In the age of social and mobile customers, all paths lead back to your website.
I recently took part in CMSWire’s tweet jam about the current trends in Customer Experience Management or CXM as the industry have now labelled it. The debate centered around several key points:
- How online versus offline customer experience is blurring.
- How do customers interact with services (e.g. booking collections, making payments etc).
- How can businesses understand these interactions and improve online customer experience.
When looking at service delivery online, there are several actions that a business can take to understand and improve the customer experience. The goal of many service heads is simple: “get the citizens to interact online, it's cheaper for us!”
Blindly pushing people to your website is not of itself going to make for good customer experience. Whilst encouraging customers to visit your website is a valuable exercise, customers still need to be engaged in the channel of their choice.
One example that currently highlights poor customer experience is Pizza Hut’s twitter account. Ever had a Pizza Hut pizza that did not live up to your expectations and then complained on twitter? Hundreds have. Unfortunately the company's responses, whilst polite, courteous and timely, are all handled by its main corporate account, and badly in my opinion.
Its twitter account has a constant stream of apologies for food, service and a host of other issues that customers have complained about. You would expect that an organization would respond to all complaints, but if you are getting that many, it would be worth managing them differently. Perhaps a more constructive approach would be to have a dedicated response account, having lots of other positive content to distribute the complaints more effectively or just addressing their customer service issues at source. If they chose a separate account, corporate messages can stay on the corporate account with complaints being handled by another account.
BT does this with its BTCare twitter stream, although even here caution is need when managing reputation, as there is also a parody BTFail twitter account. These examples illustrate why service heads need to manage their teams to deliver excellent customer experiences. Let’s take a deeper look at what customer experience means.
Where Does Customer Experience Count?
Customer experience is channel agnostic. In other words customers engage with a business in a variety of ways such as face-to-face, by phone and online -- be it on a business website, social media or a mobile device. For ordering a pizza there are likely to be several channels involved, for example you might order online and have the order delivered to your door. But for many businesses, customers are directed to the online channel. For online engagement, customer experience is about detailing what customers do after they find your website and service. And for this there are a variety of tools to help them manage the customer experience.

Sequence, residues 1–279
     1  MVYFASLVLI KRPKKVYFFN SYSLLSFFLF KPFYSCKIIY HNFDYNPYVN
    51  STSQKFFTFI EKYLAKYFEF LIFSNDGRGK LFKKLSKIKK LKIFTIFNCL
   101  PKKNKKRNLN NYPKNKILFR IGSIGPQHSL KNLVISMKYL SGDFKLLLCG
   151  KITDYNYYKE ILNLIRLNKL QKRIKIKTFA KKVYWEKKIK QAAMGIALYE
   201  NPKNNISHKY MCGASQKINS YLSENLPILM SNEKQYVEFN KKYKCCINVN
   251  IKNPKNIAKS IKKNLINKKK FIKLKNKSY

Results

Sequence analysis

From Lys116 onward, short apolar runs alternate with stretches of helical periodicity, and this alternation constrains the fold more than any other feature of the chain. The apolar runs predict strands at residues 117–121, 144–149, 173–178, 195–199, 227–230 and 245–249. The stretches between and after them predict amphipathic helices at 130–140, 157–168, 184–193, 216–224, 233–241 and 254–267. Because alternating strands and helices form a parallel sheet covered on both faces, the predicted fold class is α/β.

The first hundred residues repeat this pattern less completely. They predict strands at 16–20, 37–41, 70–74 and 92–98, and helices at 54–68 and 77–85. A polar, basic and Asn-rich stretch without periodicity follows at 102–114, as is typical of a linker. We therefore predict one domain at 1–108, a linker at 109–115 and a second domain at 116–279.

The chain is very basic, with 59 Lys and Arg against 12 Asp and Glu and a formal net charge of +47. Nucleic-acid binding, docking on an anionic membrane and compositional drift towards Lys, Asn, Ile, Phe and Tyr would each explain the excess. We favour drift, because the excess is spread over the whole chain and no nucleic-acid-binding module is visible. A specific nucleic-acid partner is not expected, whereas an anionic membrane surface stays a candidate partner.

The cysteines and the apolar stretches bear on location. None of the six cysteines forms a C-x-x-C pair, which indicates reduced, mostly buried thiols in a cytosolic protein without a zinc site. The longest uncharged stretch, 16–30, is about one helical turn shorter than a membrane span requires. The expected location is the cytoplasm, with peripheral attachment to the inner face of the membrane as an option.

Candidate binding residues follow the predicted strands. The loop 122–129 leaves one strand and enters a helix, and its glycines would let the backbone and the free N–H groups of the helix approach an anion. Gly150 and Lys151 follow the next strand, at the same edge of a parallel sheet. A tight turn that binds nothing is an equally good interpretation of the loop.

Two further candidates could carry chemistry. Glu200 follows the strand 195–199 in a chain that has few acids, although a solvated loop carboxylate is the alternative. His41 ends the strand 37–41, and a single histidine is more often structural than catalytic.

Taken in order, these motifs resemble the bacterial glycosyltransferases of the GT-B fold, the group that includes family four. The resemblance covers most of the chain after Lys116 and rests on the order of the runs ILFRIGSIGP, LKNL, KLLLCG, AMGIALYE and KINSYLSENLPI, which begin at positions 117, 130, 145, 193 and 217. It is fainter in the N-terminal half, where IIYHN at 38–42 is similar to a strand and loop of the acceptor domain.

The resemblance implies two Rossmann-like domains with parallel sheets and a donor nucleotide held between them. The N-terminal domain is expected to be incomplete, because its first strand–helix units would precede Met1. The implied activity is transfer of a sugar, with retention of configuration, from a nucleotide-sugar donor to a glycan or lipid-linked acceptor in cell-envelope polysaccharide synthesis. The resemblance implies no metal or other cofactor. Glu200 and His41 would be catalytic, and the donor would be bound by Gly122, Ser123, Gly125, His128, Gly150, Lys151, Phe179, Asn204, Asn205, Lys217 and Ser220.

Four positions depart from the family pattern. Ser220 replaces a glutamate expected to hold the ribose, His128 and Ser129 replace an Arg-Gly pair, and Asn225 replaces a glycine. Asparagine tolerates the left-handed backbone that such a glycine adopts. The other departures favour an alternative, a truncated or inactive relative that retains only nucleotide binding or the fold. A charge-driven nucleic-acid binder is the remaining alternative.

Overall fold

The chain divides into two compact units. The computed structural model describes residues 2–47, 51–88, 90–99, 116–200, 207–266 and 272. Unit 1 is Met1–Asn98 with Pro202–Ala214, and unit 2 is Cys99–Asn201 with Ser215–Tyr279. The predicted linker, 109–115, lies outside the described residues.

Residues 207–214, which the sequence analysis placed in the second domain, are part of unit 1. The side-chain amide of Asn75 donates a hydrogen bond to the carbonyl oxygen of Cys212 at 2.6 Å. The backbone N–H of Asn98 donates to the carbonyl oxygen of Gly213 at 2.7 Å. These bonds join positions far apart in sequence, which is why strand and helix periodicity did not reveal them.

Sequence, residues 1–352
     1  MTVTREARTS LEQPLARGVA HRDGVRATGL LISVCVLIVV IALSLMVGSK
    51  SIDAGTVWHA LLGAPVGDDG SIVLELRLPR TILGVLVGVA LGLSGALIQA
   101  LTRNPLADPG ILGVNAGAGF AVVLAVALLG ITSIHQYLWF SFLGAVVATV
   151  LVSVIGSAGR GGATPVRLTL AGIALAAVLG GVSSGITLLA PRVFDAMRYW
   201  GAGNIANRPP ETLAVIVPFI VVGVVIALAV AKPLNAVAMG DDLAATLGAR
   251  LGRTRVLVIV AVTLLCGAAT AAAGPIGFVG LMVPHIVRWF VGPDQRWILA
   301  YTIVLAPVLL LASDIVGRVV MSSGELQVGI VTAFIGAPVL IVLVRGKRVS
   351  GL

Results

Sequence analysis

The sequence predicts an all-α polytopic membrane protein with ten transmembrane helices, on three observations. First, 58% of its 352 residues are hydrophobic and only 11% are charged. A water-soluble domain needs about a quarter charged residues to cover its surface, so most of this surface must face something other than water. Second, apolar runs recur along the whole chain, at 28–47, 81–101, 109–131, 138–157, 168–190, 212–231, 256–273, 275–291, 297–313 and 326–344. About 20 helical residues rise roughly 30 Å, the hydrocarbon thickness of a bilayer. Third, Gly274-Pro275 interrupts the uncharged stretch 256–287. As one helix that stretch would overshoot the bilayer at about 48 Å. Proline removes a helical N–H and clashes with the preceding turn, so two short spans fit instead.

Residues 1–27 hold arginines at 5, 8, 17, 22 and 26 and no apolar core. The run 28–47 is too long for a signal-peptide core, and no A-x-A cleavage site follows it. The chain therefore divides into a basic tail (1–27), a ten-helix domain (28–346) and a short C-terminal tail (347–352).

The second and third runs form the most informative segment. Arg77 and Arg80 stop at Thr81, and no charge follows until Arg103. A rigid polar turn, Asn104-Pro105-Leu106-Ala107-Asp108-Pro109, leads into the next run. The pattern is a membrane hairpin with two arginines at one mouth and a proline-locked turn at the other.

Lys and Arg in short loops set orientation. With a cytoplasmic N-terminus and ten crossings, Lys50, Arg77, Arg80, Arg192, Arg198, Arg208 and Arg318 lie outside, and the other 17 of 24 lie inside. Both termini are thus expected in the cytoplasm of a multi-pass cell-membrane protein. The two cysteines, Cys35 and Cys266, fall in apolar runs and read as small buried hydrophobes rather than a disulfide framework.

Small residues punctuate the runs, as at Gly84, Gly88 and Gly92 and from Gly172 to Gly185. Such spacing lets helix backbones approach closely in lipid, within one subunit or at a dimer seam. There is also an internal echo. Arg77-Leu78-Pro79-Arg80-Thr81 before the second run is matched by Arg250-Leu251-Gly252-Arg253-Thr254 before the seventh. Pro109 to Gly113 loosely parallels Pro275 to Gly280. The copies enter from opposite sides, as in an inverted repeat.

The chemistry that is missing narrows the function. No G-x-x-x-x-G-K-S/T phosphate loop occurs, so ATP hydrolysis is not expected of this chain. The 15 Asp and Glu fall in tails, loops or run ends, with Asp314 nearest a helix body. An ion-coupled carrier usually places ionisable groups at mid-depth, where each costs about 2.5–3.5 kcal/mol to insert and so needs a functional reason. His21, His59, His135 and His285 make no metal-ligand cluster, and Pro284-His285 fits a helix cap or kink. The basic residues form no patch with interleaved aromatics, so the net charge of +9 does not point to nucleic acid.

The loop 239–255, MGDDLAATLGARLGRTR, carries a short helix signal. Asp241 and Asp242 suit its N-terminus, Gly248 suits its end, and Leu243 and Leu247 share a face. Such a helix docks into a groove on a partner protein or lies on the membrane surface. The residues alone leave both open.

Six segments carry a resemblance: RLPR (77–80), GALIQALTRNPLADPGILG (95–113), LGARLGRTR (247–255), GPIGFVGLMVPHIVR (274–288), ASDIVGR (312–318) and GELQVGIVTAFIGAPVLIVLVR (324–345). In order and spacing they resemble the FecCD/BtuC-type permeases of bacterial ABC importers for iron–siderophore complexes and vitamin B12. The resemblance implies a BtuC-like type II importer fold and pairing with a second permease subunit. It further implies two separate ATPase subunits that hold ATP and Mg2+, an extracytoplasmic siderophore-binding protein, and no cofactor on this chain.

Improving Customer Experience Management: Taking Ownership
One of the challenges facing organizations who want to improve customer experience is understanding the ownership within the organization. Ownership can be broken down into two areas: those who own the strategy and those who own the tools to deliver the strategy. I believe that the customer experience needs to be embedded into the company culture and run from the top.
So if customers are being driven to digital channels, how do CEOs improve the digital customer experience? Using the latest web analytics tools to monitor web activity, including social media, mobile web, e-Marketing, e-Commerce, online customer service, etc. will enable an organization to build a better picture of what is happening. If you cannot measure it, how do you improve it? With an understanding of what is happening, businesses will be in a position to deliver excellent customer experience which will lead to long term profitability and ROI.
Customer Experience Management in 2012
Customer loyalty is diluted by channel proliferation. A unifying channel strategy (websites, mobile, social media, etc.) can address this, ensure consistency and earn individual’s trust by delivering personalized content. Customer Experience Management (CXM) programs need to be implemented throughout the organization and driven from the top level.
For online engagement, customer experience is about detailing what customers do after they find your website and services. Finally weaving analytics and real-time monitoring into every channel and surfacing the resulting metrics to every part of the business will help ensure that customers experience the same levels of service regardless of the channel they use and increase the likelihood of them to repeatedly buy and recommend.
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